Cops found guilty of 'grossly racist' and 'sexist' chats with Sarah Everard killer Wayne Couzens

Cops found guilty of 'grossly racist' and 'sexist' chats with Sarah Everard killer Wayne Couzens
Wayne Couzens' (R) ex-colleagues Jonathon Cobban (L) and Joel Borders (C) have been found guilty of sharing inappropriate text messages with him in a WhatsApp group (ITV video screenshots and Met Police)

Trigger warning: The following article contains description of sexual assault and crimes that some readers may find traumatic. Discretion is advised. 

LONDON, ENGLAND: A serving Met police constable and an ex-officer have been found guilty of sharing "grossly racist, sexist, and misogynistic" messages with Sarah Everard's killer Wayne Couzens. Jonathon Cobban, 35, and former PC Joel Borders, 45, have been accused of sharing inappropriate WhatsApp messages about women and disabled people with Couzens. 

Cobban, Borders, and Couzens were reportedly part of a WhatsApp group named 'Bottle and Stoppers', where they allegedly exchanged messages about tasering children, animals, and disabled people back in April 2019. Judge Sarah Turnock described some of the comments as "abhorrent". "I can honestly say that I consider it to be sickening to think of a police officer joking about using firearms in this way," Judge Turnock said, according to BBC


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Borders on April 25, 2019, allegedly joked about raping a female colleague using language, that, according to the judge, was "misogynistic and aggressive in its nature". Cobban is from Didcot, Oxfordshire, and Borders comes from Preston, Lancashire. Both of them will be sentenced on November 2, 2022. 

Meanwhile, after a trial at Westminster Magistrates' Court in July, William Neville, from Weybridge in Surrey, 34, was cleared of sending grossly offensive messages. Neville was accused of "acting out a rape fantasy" after he allegedly made comments about restraining a teenage girl, referring to it as "struggle snuggle". However, Turnock said the term was used to describe a technique used during police training. The messages, Turnock said, did not in itself imply the action had been sexually motivated.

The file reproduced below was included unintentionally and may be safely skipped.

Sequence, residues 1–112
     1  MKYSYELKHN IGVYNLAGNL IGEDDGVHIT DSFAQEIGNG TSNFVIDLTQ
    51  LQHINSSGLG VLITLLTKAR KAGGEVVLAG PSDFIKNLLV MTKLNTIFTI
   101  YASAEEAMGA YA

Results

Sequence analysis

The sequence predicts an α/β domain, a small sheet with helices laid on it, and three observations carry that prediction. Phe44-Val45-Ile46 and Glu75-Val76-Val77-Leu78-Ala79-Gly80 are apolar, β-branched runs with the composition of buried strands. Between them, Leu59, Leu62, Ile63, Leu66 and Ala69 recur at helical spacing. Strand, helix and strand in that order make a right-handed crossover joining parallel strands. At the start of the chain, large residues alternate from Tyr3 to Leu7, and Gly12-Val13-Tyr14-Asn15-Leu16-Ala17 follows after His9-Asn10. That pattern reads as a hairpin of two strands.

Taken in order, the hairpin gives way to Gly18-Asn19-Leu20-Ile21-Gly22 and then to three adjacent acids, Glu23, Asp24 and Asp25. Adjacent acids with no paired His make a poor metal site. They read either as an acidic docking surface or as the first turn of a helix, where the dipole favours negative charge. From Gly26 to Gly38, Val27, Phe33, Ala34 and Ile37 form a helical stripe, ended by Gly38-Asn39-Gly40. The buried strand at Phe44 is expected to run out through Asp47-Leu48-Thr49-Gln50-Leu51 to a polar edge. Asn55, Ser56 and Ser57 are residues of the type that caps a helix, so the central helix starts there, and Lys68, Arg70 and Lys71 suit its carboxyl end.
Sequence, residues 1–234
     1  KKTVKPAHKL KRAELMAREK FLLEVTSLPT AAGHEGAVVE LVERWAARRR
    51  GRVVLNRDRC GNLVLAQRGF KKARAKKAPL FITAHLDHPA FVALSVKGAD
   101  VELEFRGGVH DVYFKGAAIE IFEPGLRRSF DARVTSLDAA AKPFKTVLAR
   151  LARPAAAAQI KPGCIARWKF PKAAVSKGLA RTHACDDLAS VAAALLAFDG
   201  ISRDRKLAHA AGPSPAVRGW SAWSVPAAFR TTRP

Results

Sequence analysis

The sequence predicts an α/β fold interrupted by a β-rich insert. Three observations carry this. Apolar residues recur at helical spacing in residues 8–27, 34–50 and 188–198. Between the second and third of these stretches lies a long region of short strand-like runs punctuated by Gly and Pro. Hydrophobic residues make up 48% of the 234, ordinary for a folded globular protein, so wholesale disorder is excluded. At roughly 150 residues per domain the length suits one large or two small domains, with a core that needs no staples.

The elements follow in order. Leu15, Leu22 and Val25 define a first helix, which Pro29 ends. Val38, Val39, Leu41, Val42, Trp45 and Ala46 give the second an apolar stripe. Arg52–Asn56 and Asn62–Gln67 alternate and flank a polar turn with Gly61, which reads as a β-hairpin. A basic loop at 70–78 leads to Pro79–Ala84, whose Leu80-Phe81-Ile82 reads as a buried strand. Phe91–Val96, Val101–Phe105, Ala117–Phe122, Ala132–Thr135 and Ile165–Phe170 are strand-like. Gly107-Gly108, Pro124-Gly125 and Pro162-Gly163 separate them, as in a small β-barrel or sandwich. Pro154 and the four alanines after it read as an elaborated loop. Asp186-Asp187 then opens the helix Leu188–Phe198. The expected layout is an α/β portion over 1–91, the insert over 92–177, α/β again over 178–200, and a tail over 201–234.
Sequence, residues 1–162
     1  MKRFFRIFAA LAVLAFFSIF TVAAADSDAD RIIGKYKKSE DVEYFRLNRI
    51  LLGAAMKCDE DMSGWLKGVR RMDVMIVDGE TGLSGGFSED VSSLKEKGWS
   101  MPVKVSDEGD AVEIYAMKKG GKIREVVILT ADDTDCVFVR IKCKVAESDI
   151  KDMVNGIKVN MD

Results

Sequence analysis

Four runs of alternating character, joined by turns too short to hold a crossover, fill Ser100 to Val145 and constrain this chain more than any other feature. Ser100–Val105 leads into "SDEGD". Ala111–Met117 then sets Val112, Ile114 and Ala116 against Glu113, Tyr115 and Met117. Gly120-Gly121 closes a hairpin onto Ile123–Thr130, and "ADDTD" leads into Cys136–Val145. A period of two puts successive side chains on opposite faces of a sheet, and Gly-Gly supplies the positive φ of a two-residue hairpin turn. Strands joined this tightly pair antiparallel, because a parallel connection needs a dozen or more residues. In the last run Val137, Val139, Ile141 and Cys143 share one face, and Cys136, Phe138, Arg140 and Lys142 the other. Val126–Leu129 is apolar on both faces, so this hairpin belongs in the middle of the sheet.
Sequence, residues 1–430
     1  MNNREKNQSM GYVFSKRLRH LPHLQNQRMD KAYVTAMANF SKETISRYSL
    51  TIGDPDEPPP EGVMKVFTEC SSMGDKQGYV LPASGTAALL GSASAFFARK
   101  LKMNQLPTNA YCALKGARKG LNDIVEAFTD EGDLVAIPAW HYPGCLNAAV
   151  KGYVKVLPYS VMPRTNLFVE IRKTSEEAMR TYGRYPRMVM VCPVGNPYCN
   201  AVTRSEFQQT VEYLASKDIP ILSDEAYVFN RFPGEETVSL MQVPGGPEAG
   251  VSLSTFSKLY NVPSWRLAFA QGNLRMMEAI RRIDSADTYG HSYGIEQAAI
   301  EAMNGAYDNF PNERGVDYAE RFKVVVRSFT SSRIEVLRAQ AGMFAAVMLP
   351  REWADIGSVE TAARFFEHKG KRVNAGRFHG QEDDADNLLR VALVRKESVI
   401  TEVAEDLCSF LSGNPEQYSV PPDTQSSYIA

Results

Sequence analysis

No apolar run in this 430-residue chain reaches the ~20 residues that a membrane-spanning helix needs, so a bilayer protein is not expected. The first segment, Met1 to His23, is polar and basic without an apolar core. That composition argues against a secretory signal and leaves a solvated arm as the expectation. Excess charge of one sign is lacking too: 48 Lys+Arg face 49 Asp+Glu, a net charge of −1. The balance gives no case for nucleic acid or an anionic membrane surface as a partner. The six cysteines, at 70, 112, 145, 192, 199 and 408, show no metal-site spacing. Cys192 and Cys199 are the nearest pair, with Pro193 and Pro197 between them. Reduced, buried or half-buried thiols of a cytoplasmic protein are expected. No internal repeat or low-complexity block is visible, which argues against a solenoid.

The Independent Office for Police Conduct (IOPC) had earlier said the charges stemmed from an investigation into Couzens' phone records. OPC regional director Sal Naseem said, "The messages sent by these police officers were inexcusable and particularly disturbing given the profession they represent. Social media cannot be a hiding place for these types of views. Behavior of this nature seriously undermines public confidence in policing." Prosecutor Edward Brown QC previously described the messages as being "grossly racist, sexist, misogynistic".

These messages were shared two years before Sarah Everard's brutal murder. Couzens kidnapped Everard, 33, in a fake arrest in March 2021, and raped and then murdered the marketing executive. Couzens kidnapped her as she was walking home to the Brixton Hill area from a friend's house near Clapham Common before raping and killing her and burning her body. Her body was discovered in woodland outside the city a week after she disappeared. Couzens was given a whole-life jail term for the murder. 

"We are very pleased that Wayne Couzens has received a full life sentence and will spend the rest of his life in jail," Everard's family said in a statement after the verdict was handed down, according to CBS. "Nothing can make things better, nothing can bring Sarah back, but knowing he will be imprisoned forever brings some relief."

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